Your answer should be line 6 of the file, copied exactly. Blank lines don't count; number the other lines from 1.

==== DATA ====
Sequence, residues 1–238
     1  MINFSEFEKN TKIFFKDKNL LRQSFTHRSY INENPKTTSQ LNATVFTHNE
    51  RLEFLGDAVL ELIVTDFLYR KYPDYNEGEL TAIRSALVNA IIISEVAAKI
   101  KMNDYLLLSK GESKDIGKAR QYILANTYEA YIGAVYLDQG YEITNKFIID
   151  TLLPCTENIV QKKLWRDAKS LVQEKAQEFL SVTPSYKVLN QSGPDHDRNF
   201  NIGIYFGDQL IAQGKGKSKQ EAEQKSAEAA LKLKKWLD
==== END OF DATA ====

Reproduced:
   201  NIGIYFGDQL IAQGKGKSKQ EAEQKSAEAA LKLKKWLD